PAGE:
Understanding Video Bandwidth in Lync 2013

December 28, 2012

In part one we looked at how to determine Audio Bandwidth in Lync Server 2010 and 2013.  In this post we will dig into how to determine how much bandwidth will be consumed with video in the new Lync Server 2013.  In Lync Server 2010 this process was pretty straight forward.  If we look back to 2010 because of RTVideo codec we had potentially two resolutions that would be used – VGA and CIF.  They used a maximum of 610 Kbps and 260 Kbps respectfully.  If you were doing Peer to Peer, we also had the potential of HD Video but only if a person went full screen with the video feed.  Calculating video bandwidth was as straight forward as the previous article on calculating audio traffic.

In Lync 2013, things get a lot more complicated and hopefully this post will give you some background on why that’s true.

The first reason is the video codec change.  The move from RTVideo to H.264 completely changes how we determine the amount of bandwidth that will be consumed and used.  Remember this table from the previous post:


He were see we have a potential of eight different video resolutions (and three panoramic) and therefore eight potential maximum bandwidth that could be consumed.

The second reason is the addition of the gallery view (standing and sitting row).  Here, we have the potential to have up to five active video streams in the client plus a single panoramic view.  This means as a consumer of bandwidth the Lync 2013 client has the potential to consume a lot more.  Additionally, the client itself can send up to five video streams as well.

Here are the important part of the above TechNet Article:

If video is used, all participants can receive up to five receive video streams and one panoramic (for example, aspect ratio 20:3) video stream. By default the five receive video streams are based on active speaker history but users can also manually select the participants from which they want to receive a video stream.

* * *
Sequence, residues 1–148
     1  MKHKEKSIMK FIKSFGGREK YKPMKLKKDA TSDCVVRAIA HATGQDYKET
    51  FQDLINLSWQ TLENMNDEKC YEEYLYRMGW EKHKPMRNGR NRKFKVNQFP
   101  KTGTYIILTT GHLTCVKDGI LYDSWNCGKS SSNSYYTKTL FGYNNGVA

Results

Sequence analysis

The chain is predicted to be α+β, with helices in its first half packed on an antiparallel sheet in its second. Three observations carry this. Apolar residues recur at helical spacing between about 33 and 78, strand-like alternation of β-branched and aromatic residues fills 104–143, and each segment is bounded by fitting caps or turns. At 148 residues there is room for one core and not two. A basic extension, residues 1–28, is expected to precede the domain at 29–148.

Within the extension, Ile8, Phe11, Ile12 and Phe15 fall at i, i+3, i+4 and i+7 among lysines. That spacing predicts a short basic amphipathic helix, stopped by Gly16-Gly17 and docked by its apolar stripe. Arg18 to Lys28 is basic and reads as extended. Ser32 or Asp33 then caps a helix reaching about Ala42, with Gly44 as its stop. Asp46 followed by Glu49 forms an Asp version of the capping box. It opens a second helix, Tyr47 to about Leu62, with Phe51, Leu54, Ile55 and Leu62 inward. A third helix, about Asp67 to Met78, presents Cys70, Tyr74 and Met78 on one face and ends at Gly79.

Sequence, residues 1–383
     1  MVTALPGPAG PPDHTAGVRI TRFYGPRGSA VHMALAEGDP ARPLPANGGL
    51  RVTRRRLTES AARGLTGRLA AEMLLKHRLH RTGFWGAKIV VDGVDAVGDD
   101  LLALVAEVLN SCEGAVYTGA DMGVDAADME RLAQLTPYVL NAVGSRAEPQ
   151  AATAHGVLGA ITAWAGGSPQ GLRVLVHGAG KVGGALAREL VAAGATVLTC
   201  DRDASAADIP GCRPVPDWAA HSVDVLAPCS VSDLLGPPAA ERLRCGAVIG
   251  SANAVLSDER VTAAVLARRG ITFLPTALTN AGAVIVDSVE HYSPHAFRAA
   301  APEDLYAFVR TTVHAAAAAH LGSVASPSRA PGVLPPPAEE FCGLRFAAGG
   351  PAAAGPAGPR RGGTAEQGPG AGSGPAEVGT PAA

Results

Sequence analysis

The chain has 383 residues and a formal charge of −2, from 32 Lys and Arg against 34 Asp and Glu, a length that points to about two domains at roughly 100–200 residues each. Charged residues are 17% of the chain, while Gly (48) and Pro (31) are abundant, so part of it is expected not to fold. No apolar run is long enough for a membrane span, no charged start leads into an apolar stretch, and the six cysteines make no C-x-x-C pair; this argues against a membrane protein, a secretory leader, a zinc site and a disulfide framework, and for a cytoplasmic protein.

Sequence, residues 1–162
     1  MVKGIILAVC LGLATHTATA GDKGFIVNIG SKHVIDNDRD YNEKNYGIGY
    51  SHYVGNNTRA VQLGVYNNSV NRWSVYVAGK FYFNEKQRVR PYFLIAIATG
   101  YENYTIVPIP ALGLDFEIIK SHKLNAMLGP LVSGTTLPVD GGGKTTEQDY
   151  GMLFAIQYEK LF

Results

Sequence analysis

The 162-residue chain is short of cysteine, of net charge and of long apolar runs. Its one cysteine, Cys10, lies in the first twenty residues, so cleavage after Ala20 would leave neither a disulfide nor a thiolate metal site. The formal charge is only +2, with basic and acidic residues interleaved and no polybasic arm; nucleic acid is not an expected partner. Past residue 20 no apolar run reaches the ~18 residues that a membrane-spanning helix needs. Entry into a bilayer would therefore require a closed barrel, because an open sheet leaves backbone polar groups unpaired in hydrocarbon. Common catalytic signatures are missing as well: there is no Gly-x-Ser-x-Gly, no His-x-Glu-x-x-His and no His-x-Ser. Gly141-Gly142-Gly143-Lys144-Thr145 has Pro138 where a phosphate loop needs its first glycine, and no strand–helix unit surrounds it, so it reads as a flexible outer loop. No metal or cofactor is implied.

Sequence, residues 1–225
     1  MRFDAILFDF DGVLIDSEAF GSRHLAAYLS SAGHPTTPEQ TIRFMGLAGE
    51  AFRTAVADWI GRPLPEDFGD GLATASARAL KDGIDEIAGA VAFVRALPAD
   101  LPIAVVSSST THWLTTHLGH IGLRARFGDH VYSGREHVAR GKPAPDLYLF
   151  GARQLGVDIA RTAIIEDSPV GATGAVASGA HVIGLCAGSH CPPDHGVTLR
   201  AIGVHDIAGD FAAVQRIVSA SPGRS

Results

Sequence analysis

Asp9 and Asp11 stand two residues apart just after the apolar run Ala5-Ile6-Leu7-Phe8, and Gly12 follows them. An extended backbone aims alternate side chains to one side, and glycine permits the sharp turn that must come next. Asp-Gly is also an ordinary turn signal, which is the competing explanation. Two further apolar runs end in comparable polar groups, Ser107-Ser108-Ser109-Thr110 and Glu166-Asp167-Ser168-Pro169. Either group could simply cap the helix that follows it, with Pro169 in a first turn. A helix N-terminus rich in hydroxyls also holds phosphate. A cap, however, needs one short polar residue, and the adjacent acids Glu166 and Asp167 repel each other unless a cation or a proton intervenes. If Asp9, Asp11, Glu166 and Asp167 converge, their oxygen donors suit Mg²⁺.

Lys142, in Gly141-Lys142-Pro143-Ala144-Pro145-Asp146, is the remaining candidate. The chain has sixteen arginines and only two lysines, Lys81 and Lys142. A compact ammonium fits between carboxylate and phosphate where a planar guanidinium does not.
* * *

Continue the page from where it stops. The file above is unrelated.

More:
Each participant that turns on the user’s send video stream will send one or more video streams. Lync 2013 add the capability of sending up to five video streams to optimize the video quality for all the receiving clients. The actual number of video streams being sent is determined by the sender based on CPU capability, available uplink bandwidth, and the number of receiving clients requesting a certain video stream. The most common case is that one H.264 and one RTVideo video stream are being sent in case a legacy client joins the conference. Another common scenario is that several H.264 video streams (for example, with different video resolutions) are sent to accommodate different receiver requests.

So let’s look at an example.  What if my Lync Client looks like this:

In this example I’m actively consuming 5 video streams.  Now, the trick is to determine what bandwidth is actually being consumed.  Here is where the estimation is going to start.  When you start the gallery view, the images of each person is fairly small and most likely at 212×160 which means each feed is going to consume a maximum of 250 Kbps or approximately 1250 Kbps.  So in addition to me consuming that much, I will also be providing my video stream as well so there would be another 250 Kbps.  So we break it down as: